Mar 25

Death in springtime

Many dreadful contingencies have obtained as a result of my having built a tall-ass horse barn, not the least of which is the decimation of the black-chinned hummingbirds.

I don’t know if you know about hummingbirds. Well, let me enlighten you. They are complete freaks of nature. Their metabolism is extreme and ridiculous, necessitated by their predilection for hovering over flowers and their concomitant aversion to taking a load off. If they don’t eat nectar more or less constantly they’ll starve to death within a couple of hours. This is all well and good and as nature intended and whatnot, until they get trapped in your barn.

Though pleasing to the human eye, the architecture of the barn — involving a 25-foot raised center aisle with skylights and fixed clerestory windows all around — is incompatible with hummingbird survival. They fly into the barn for reasons known only to them.

They don’t fly out.

The hummingbird’s instinct, which clearly evolved previous to the invention of RCA barns, compels them to fly up, up, never down toward the open door, always up, toward the skylights. Among the grimmest spectacles a crone can witness is one of these teensy birds, unaware that freedom awaits only a few feet below, bumping relentlessly at each window in succession until it expires from exhaustion. As distressing as it is for me, I suspect that it is somewhat worse for the bird.

Now it’s spring again, which means all kinds of horrible things. Oak pollen, and venomous snakes coming out of hibernation, and Eastern phoebes nesting in my carport in order to crap all over my car, and yes, the hummingbirds are back from points south, making their inevitable beeline for my dang barn. Yesterday I found the season’s first casualty dead on the floor.

Well, no more! I say. Based on last year’s detailed observations of trapped hummingbird window-bumping behavior, I have hatched a plan. This plan is predicated on the following hypothesis: if a hole is cut into the wooden gable vent at the same level as the clerestory windows against which the birds are wont to bump, they will eventually find this hole and liberate themselves. Today I am going to set in motion a series of events that will result such a hole being cut. Phase 2 of my cunning plan entails stringing up one of those red plastic feeders on a pulley positioned adjacent to the proposed gable-hole, and hoisting it up there to attract the bird to the exit.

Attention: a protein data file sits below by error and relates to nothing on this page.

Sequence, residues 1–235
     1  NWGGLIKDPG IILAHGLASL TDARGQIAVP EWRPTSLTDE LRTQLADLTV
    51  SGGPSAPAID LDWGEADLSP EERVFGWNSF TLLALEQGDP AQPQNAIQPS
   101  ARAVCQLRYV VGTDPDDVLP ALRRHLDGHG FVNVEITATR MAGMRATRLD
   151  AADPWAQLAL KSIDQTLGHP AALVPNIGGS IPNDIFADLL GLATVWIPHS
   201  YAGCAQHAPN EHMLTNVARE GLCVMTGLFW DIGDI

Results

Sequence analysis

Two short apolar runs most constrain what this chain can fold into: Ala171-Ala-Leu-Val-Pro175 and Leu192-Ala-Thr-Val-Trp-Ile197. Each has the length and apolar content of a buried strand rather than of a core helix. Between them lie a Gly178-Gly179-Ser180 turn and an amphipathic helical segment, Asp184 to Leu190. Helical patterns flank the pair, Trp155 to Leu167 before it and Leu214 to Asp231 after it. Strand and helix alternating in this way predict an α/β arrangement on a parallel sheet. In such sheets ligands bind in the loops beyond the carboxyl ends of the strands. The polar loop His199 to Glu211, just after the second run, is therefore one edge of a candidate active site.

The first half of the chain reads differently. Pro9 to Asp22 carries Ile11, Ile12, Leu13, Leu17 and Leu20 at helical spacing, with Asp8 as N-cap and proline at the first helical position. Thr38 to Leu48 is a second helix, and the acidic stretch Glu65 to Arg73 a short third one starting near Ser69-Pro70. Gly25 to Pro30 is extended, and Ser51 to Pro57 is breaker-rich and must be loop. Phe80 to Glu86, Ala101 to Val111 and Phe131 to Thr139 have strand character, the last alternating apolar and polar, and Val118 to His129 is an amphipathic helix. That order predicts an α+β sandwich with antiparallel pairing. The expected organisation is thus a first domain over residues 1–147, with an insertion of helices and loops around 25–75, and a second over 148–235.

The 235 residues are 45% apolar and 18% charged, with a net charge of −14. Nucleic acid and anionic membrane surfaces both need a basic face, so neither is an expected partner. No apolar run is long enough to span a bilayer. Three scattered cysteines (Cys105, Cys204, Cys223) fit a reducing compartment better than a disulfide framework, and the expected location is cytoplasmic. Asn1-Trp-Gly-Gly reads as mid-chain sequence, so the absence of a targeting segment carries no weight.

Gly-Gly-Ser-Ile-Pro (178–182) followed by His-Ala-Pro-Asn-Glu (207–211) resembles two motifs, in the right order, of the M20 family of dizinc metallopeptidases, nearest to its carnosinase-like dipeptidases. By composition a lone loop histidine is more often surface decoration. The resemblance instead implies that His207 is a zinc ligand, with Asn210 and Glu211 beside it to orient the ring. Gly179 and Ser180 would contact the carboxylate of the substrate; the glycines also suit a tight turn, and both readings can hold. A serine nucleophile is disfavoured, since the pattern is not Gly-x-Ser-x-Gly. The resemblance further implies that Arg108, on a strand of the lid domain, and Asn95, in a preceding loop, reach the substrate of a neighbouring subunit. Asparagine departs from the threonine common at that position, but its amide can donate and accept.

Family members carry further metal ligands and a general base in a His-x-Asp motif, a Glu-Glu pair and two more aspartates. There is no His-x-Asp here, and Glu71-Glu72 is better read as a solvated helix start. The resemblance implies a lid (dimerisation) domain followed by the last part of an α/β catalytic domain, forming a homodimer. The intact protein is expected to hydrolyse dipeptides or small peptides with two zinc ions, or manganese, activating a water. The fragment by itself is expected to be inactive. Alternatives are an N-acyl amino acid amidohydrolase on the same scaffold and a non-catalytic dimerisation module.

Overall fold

If this doesn’t work I guess I am just doomed to suffer eternally the pangs of cosmic indifference to hummingbird life.

The logo for Dreadful Acres, if I ever get around to drawing it, will be a hummingbird with a teardrop in its eye.


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  1. Antoinette Niebieszczanski

    The only hummingbirds we get around here are the ruby-throats, but they have no suicidal tendencies that I’ve noticed. I grow wisteria and trumpet vines for them, and there will be clouds of them surrounding the nectar feeders my backyard-neighbor puts out for them if the weather ever breaks.

  2. w

    We get birds in our skylit barn. After a couple of years of anguished hand wringing and bird burying I finally hit upon a solution that has worked every time. We have pretty good pressure in the barn and I turn that nozzle to a fairly concentrated stream (but not “jet” of course) and aim it and keep it on the little ones as best I can until their feathers are soaked enough and they flutter down and either flap out on their own or I pick them up and take them out. If it’s late in the day, I wrap them in a fluffy towel and box them up and keep them inside warm until morning. The hummers take a long while to wake up when the opened box is placed out in the sun, but they eventually flutter up into a tree, kick in the afterburners and zoom off. This has worked for all sorts of birds. I even used it to blast a crow out that was thinking swallow babies might make a good snack. The nozzle went to jet on that one. Until you get your high exit installed, you could give this a try. Of course, if any horses are in, they will go apeshit. Small price.